dataset : SAFARI 2000 Physical and Chemical Properties of Aerosols, Dry Season 2000

Oak Ridge National Laboratory Distributed Active Archive Center DAAC

nasa-ornldaac-725

SAFARI 2000 Physical and Chemical Properties of Aerosols, Dry Season 2000

ABSTRACT: The Southern African Regional Science Initiative 2000 (SAFARI 2000) provided an opportunity to study aerosol particles produced by savanna burning. We used analytical transmission electron microscopy (TEM), including energy-dispersive X-ray spectrometry (EDS) and electron energy-loss spectroscopy (EELS), to study aerosol particles from several smoke and haze samples and from a set of cloud samples. These aerosol particle samples were collected using the University of Washington Convair CV-580 research aircraft (Posfai et al., 2003).Individual aerosol particles in smoke plumes from biomass fires and in regional hazes in southern Africa were studied using analytical transmission electron microscopy, which allowed detailed characterization of carbonaceous particle types in smoke and determination of changes in particle properties and concentrations during smoke aging. Based on composition, morphology, and microstructure, three distinct types of carbonaceous particles were present in the smoke: organic particles with inorganic (K-salt) inclusions; 'tar ball' particles; and soot. The relative number concentrations of organic particles were largest in young smoke, whereas tar balls were dominant in a slightly aged (~1 hour) smoke from a smoldering fire. Flaming fires emitted relatively more soot particles than smoldering fires, but soot was a minor constituent of all studied plumes. Further aging caused the accumulation of sulfate on organic and soot particles, as indicated by the large number of internally mixed organic/sulfate and soot/sulfate particles in the regional haze. Externally mixed ammonium sulfate particles dominated in the boundary layer hazes, whereas organic/sulfate particles were the most abundant type in the upper hazes. Apparently, elevated haze layers were more strongly affected by biomass smoke than those within the boundary layer. Based on size distributions and the observed patterns of internal mixing, we hypothesize that organic and soot particles are the cloud-nucleating constituents of biomass smoke aerosols. Sea-salt particles dominated in the samples taken in stratus clouds over the Atlantic Ocean, off the coast of Namibia, whereas a distinct haze layer above the clouds consisted of aged biomass smoke particles.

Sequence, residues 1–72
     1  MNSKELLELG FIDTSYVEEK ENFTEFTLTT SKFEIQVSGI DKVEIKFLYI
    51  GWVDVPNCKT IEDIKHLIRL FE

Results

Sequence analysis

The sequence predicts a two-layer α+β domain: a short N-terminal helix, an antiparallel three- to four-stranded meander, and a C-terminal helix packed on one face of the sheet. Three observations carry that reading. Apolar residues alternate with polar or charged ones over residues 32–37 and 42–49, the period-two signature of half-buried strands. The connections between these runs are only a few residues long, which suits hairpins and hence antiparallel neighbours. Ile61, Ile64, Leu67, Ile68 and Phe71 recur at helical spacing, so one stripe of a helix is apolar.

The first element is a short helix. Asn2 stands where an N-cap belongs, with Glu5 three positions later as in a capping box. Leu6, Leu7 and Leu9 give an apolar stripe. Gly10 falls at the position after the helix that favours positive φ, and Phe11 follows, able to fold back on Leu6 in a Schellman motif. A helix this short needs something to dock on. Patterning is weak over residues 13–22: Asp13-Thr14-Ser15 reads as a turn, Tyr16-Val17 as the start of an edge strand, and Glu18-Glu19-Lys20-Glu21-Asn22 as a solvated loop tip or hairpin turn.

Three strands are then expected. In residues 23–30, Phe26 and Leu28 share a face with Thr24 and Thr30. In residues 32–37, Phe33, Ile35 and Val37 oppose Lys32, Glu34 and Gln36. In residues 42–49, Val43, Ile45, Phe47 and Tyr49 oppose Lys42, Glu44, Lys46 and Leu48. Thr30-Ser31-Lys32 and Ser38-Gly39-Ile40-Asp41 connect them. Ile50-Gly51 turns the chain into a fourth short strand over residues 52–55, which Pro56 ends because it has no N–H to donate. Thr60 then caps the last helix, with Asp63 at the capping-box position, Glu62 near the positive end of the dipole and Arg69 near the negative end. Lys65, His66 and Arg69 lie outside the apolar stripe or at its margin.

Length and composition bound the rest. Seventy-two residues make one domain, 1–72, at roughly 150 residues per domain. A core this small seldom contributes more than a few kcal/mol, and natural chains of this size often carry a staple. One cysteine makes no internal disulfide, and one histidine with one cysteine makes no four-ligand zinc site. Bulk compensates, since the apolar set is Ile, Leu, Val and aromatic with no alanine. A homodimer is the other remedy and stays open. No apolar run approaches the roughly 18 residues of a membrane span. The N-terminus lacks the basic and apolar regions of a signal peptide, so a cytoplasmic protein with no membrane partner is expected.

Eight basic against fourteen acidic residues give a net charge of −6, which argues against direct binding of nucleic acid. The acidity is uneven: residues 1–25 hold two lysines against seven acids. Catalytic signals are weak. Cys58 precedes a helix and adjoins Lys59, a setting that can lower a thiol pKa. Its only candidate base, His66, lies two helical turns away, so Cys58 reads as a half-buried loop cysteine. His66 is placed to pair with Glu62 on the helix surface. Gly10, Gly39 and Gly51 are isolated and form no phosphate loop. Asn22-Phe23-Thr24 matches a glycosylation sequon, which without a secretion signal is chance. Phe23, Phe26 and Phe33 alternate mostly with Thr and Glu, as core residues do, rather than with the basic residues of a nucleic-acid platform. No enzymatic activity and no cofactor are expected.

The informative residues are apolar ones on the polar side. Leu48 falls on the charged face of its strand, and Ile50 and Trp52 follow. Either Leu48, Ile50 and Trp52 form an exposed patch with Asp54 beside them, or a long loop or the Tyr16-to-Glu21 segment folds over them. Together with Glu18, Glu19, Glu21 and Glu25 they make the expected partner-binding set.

daac.ornl.gov

Identified by : s2k_aerosol_prop

This dataset was released on January 01, 2004.

The time range for this dataset is August 17, 2000 to September 13, 2000.

The spatial range for this dataset is -35° to 5° latitude, and 5° to 60° longitude. map (center)

DOI : 10.3334/ORNLDAAC/725
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